Spaceflight Insider

NASA awards contracts for commercial spacesuits for ISS, Moon

An illustration of two NASA astronauts in spacesuits on the surface of the Moon. NASA selected two companies to develop commercial spacesuits for the space agency's needs in low Earth orbit and the Moon. Credit: NASA

An illustration of two NASA astronauts in spacesuits on the surface of the Moon. NASA selected two companies to develop commercial spacesuits for the space agency’s needs in low Earth orbit and the Moon. Credit: NASA

Axiom Space and Collins Aerospace have been selected by NASA to build next-generation spacesuits for the International Space Station and Artemis programs.

The two companies were selected under the Exploration Extravehicular Activity Services, or xEVAS, contract solicitation, which allows the vendors to compete for task orders for NASA’s spacewalking needs for the ISS and future Artemis Moon landings.

“With these awards, NASA and our partners will develop advanced, reliable spacesuits that allow humans to explore the cosmos unlike ever before,” said Vanessa Wyche, director of NASA’s Johnson Space Center in Houston, in an agency news release. “By partnering with industry, we are efficiently advancing the necessary technology to keep Americans on a path of successful discovery on the International Space Station and as we set our sights on exploring the lunar surface.”

NASA’s current set of spacesuits, called Extravehicular Mobility Units, are some 40 years old. They were designed and built during the early space shuttle era and repurposed for the ISS program. However, these suits are beginning to show their age.

As the agency plans to continue ISS operations through at least 2030, it’ll need more-reliable suits to finish off the program. Moreover, future commercial space stations will undoubtedly need spacewalking capabilities.

These new commercial space suits appear to replace the NASA-designed xEMU, which the agency has been working on for more than a decade. These replacement suits were in an advanced stage of development. Once the current series of tests concludes at the end of the current fiscal year, NASA expects to have all the test data and technology available for companies through the EVA Technical Library.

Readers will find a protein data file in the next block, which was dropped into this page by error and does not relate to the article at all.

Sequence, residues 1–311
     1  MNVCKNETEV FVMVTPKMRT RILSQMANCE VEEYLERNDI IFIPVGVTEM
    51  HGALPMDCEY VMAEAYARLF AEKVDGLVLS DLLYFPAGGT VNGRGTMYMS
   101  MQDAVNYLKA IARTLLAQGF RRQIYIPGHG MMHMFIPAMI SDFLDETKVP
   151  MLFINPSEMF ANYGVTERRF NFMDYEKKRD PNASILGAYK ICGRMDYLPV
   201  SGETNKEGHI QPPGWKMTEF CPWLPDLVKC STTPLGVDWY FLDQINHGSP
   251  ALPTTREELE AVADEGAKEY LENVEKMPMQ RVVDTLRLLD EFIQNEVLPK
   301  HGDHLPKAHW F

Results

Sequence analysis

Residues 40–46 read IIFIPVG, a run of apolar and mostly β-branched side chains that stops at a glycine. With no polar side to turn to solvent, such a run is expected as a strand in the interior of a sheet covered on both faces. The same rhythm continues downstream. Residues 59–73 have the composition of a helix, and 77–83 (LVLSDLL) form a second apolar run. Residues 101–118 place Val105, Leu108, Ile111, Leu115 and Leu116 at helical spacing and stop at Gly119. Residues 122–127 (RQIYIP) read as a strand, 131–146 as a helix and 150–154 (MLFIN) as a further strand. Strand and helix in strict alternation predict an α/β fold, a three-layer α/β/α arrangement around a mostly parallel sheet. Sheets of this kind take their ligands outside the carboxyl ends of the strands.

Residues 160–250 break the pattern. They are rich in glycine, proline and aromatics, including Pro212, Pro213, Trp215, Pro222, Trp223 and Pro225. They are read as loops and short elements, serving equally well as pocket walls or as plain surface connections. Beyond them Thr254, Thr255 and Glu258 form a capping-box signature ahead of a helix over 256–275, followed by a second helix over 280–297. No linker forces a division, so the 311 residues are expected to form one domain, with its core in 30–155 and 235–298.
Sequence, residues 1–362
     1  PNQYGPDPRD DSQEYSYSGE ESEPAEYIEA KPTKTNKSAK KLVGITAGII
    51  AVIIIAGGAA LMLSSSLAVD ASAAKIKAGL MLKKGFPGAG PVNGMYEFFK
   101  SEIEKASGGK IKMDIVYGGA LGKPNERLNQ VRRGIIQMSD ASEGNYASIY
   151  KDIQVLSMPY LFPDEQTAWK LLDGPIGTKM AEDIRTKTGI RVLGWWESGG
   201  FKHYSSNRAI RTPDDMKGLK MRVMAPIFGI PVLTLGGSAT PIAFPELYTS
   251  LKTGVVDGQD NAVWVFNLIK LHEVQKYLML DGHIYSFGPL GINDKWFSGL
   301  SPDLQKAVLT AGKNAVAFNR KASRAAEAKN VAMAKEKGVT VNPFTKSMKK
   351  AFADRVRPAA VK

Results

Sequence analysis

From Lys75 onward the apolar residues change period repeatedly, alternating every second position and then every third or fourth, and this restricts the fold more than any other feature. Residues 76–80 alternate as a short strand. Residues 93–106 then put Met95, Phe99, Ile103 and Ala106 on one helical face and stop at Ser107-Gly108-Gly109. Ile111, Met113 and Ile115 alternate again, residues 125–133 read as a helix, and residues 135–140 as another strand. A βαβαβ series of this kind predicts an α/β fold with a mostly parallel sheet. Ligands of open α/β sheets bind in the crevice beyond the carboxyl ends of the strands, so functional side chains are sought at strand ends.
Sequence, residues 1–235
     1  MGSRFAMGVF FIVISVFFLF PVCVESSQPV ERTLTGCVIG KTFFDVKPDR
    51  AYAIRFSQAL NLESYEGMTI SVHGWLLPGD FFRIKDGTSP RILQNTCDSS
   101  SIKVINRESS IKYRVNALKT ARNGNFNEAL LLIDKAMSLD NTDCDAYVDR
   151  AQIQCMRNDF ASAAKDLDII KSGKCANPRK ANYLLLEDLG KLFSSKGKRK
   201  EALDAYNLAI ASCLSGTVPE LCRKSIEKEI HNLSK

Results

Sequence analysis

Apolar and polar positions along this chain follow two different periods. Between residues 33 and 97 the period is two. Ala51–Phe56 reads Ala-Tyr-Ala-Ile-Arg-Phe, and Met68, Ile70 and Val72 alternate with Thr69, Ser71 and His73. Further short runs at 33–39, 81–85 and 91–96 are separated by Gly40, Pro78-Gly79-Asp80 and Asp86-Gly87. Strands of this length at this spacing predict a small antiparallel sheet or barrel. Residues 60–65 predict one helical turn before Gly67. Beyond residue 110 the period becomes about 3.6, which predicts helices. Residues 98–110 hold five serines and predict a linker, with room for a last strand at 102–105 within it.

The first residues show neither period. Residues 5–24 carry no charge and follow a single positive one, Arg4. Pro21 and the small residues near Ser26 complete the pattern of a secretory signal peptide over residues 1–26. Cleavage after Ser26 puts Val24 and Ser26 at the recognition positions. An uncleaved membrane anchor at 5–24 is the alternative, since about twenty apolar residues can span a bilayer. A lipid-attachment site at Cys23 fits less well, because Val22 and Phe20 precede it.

NASA has encouraged Axiom Space and Collins Aerospace to explore other non-NASA commercial applications to harvest more data and technology as they co-op with the agency for a new approach as they enter a new range of potential commercial customers while granting NASA the rights to use the same data and technology garnered within NASA campus wide.

The space agency developed the contract specifics to adapt to NASA’s needs within the space industry including the ability to add additional vendors not selected within the original award as this emerging market evolves.

According to NASA, both companies have invested a “significant amount” of their own money to date to develop the suits. Both companies believe their designs can be ready for in-space testing as early as 2025.

NASA says the contract allows the companies to compete for various task orders through 2034 and that the “indefinite delivery and indefinite quantity, milestone-based xEVAS contract has a combined maximum potential value of $3.5 billion for all the task order awards.”

The first task order, NASA said, is expected to be for demonstrations outside the ISS in low Earth orbit as well as on the Moon during the Artemis 3 mission, currently expected no earlier than 2025.

“Our commercial partnerships will help realize our human exploration goals,” said Mark Kirasich, deputy associate administrator of NASA’s Artemis Campaign Development Division. “We look forward to using these services for NASA’s continued presence in low-Earth orbit and our upcoming achievement of returning American astronauts to the Moon’s surface. We are confident our collaboration with industry and leveraging NASA’s expertise gained through over 60 years of space exploration will enable us to achieve these goals together.”

Video courtesy of Collins Aerospace


Theresa Cross grew up on the Space Coast. It’s only natural that she would develop a passion for anything “Space” and its exploration. During these formative years, she also discovered that she possessed a talent and love for defining the unique quirks and intricacies that exist in mankind, nature, and machines. Hailing from a family of photographers—including her father and her son, Theresa herself started documenting her world through pictures at a very early age. As an adult, she now exhibits an innate photographic ability to combine what appeals to her heart and her love of technology to deliver a diversified approach to her work and artistic presentations. Theresa has a background in water chemistry, fluid dynamics, and industrial utility.

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